Everyday Computing, Features

Trusted Messages

Image of Dr. Lyndell St. Ville- ICT Consultant
By Dr. Lyndell St. Ville- ICT Consultant

DURING the passage of a hurricane, especially one as large and powerful as Maria, it is remarkable that we could receive messages from family and friends in the affected islands. Thanks to social media and the marvels of modern communications, we received some horrifying updates from Dominica while it suffered a direct hit.

For some time before their ICT infrastructure was compromised by storm-related damage, we glimpsed the horror caused by Hurricane Maria. Once again, we should be thankful that we dodged the ravages of another devastating storm because our good fortune may not last indefinitely.

Many hurricane-related messages were sent even before the storm struck. NEMO sent messages via SMS to advise residents to monitor the storm’s progress and afterward to notify that the all-clear was issued. Instructions from the (acting) Prime Minister were relayed via social media, safely shutting down the country in preparation for the storm. Similarly relayed were advisories from the Met Office providing status updates on the storm. All good and useful messages from authoritative sources.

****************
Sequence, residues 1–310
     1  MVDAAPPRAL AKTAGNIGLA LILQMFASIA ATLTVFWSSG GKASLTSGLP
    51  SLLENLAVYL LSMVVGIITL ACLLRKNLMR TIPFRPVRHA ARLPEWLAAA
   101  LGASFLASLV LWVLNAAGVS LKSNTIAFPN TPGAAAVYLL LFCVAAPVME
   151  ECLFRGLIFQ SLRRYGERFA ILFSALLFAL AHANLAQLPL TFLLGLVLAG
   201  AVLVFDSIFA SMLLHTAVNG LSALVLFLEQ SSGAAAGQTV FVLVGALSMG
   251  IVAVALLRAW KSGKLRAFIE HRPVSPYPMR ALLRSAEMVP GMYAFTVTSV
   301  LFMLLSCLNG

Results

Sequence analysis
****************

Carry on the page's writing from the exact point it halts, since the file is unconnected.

You may have received other less-authoritative messages, especially one describing a boat captain willing to transport vital relief supplies to our sister island, and urging us to “spread the word” in a manner disturbingly similar to regular hoax messages. Uncovering the truth behind that particular message took significant effort. In another example, and more confusingly, other images were received that appeared to show scenes of devastation which were actually caused by previous hurricanes.

These examples show how we can be easily deceived and manipulated, especially if we are reeling from a disaster or other distraction. Here are some ways to detect official messages:
* They feature a date-stamp, a name and a recognizable format;
* They arrive when expected and have specific markings;
* They bear a security number or sequence;
* They show contact details of the originator.

Fortunately, messages from the Met Office bear the forecaster’s name, and those from the Prime Minster appear on official letterhead. Other trusted messages are not usually vague, and don’t command you to take some indefinite action, such as forwarding to all your friends.

How do we avoid being fooled by scam artists, ne’er-do-wells and idle hands without hearts? It is not easy. It also shows that we can ill-afford to let down our guard, especially when in a crisis.

To share your views, contact the author at: www.datashore.net or via The VOICE.

About the Author
Dr.Lyndell St. Ville is an ICT Consultant based in Saint Lucia, offering expertise in systems design, backup, and business continuity planning.

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